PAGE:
By Eileen Gould
Impunity Watch Reporter, Oceania
CANBERRA, Australia – Australia’s “discriminatory” policy of screening asylum seekers for HIV has been criticized by the UN High Commissioner for Refugees.
UNHCR’s regional office has requested that Australia end their health requirement for asylum seekers. “The present operation of the health requirement is discriminatory in effect and endangers a number of human rights norms.”
Its submission to an inquiry into this practice accuses Australia of “fall[ing] short of its international obligations.”
According to the UNHCR, the health requirements prevent any migrant, who is found to have AIDS or HIV, from entering Australia, unless the individual receives a waiver from the Immigration Minister. Waivers are granted infrequently.
Under the law, asylum seekers with active tuberculosis are banned from entering the country. However, some individuals, typically partners of Australian citizens are not subject to the same ban and are allowed into the country even if they fail a health test, on grounds of compassion.
The ordinarily strict health rules have been loosened for migrants, allowing any chronically ill foreign workers and families to immigrate, in order to solve the skills shortage.
Changes in the rules would encourage those with work visas to move to Australia, as they or their dependants were previously were turned away for health reasons.
Sources have reported that Australian taxpayers will spend approximately $60 million on healthcare for 288 asylum seekers who were granted these “health waivers” last year.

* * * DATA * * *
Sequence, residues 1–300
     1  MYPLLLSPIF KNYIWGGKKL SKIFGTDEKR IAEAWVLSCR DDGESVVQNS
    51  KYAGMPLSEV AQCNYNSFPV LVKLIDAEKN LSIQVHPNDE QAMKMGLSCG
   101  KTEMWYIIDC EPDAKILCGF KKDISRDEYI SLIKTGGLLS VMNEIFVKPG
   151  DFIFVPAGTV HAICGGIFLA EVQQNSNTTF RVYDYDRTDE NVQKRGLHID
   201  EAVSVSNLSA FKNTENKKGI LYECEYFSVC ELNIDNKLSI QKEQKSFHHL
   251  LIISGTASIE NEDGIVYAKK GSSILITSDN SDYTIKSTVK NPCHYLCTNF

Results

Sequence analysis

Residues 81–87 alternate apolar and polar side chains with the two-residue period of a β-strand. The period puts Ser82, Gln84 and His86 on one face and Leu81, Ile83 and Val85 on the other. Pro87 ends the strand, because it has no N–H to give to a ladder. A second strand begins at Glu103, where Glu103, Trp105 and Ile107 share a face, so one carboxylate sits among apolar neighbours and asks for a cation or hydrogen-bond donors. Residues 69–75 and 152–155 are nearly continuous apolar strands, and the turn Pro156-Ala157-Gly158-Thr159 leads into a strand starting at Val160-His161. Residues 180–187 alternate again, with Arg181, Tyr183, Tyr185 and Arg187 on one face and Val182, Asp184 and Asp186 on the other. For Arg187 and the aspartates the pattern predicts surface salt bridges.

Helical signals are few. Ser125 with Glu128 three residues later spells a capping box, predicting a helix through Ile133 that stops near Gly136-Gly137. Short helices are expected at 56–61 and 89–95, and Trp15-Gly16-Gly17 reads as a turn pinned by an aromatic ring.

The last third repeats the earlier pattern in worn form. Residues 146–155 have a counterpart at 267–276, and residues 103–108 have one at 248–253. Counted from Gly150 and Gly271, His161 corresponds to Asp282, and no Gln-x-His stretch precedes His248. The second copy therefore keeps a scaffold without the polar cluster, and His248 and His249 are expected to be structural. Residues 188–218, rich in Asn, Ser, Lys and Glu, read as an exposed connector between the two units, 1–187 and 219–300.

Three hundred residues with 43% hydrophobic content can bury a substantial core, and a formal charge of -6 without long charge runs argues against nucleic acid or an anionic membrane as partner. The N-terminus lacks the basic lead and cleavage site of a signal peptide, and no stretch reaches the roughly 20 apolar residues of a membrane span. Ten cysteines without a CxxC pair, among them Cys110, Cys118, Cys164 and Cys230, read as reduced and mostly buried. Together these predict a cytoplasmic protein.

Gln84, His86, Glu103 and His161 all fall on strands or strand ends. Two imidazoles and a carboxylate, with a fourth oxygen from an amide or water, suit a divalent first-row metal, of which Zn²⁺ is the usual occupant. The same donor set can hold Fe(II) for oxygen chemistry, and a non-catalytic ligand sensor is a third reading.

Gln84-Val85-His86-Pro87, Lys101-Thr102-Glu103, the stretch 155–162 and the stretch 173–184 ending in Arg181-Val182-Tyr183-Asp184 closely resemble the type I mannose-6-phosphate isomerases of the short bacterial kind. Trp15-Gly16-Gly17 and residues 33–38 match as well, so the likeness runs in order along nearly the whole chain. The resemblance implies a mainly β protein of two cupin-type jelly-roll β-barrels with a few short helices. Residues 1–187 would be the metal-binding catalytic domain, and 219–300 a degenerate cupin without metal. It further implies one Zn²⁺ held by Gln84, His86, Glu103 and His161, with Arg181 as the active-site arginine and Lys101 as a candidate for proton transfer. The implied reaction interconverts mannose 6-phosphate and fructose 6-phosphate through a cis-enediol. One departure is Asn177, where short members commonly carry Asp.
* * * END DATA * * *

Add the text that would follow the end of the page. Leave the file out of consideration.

The Immigration Department rejected applications from more than 1500 individuals who failed the health tests.
Further, the department extended the waiver recently so that some skilled foreign workers and their families would qualify. But the department has not yet announced whether any skilled permanent migrants were given waivers.
An immigration spokesperson verified that all states and territories, with one exception, agreed to extend the waiver to certain categories of skilled worker visas last year.
New South Wales, the state to which most migrants flock, has not yet accepted the extension of the waiver due to the impact on their hospitals.
He added that “if some applicants fail the health requirement, there is the option for a health waiver to be considered.”
For more information please see:
The Australian – United Nations blasts HIV tests on asylum-seekers – 29 January 2010
Visa Bureau – Migrants with HIV/Aids will be allowed to emigrate to Australia – 29 January 2010
Global Visas – Chronically ill foreign workers allowed to move to Australia – 28 January 2010